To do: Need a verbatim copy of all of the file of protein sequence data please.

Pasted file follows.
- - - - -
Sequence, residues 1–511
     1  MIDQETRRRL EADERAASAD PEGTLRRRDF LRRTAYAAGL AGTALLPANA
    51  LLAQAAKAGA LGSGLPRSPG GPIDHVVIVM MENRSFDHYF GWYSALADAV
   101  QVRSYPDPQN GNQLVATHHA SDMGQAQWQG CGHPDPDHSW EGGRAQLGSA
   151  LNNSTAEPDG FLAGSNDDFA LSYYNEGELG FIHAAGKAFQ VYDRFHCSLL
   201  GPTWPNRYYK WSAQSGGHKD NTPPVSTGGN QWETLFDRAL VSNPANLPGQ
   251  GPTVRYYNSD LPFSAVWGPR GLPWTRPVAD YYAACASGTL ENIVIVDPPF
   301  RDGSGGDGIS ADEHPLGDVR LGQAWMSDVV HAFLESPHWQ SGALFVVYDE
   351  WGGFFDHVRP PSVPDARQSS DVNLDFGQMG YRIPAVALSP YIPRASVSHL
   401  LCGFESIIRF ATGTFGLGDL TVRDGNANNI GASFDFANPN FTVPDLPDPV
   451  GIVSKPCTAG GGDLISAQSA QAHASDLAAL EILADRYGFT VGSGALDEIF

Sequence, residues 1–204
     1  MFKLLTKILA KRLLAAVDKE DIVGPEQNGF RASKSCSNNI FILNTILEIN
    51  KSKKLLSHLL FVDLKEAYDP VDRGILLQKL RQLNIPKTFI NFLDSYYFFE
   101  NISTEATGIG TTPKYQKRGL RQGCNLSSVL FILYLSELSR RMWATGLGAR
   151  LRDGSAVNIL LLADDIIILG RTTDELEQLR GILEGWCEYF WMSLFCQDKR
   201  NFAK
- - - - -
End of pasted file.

Sequence, residues 1–511
     1  MIDQETRRRL EADERAASAD PEGTLRRRDF LRRTAYAAGL AGTALLPANA
    51  LLAQAAKAGA LGSGLPRSPG GPIDHVVIVM MENRSFDHYF GWYSALADAV
   101  QVRSYPDPQN GNQLVATHHA SDMGQAQWQG CGHPDPDHSW EGGRAQLGSA
   151  LNNSTAEPDG FLAGSNDDFA LSYYNEGELG FIHAAGKAFQ VYDRFHCSLL
   201  GPTWPNRYYK WSAQSGGHKD NTPPVSTGGN QWETLFDRAL VSNPANLPGQ
   251  GPTVRYYNSD LPFSAVWGPR GLPWTRPVAD YYAACASGTL ENIVIVDPPF
   301  RDGSGGDGIS ADEHPLGDVR LGQAWMSDVV HAFLESPHWQ SGALFVVYDE
   351  WGGFFDHVRP PSVPDARQSS DVNLDFGQMG YRIPAVALSP YIPRASVSHL
   401  LCGFESIIRF ATGTFGLGDL TVRDGNANNI GASFDFANPN FTVPDLPDPV
   451  GIVSKPCTAG GGDLISAQSA QAHASDLAAL EILADRYGFT VGSGALDEIF

Sequence, residues 1–204
     1  MFKLLTKILA KRLLAAVDKE DIVGPEQNGF RASKSCSNNI FILNTILEIN
    51  KSKKLLSHLL FVDLKEAYDP VDRGILLQKL RQLNIPKTFI NFLDSYYFFE
   101  NISTEATGIG TTPKYQKRGL RQGCNLSSVL FILYLSELSR RMWATGLGAR
   151  LRDGSAVNIL LLADDIIILG RTTDELEQLR GILEGWCEYF WMSLFCQDKR
   201  NFAK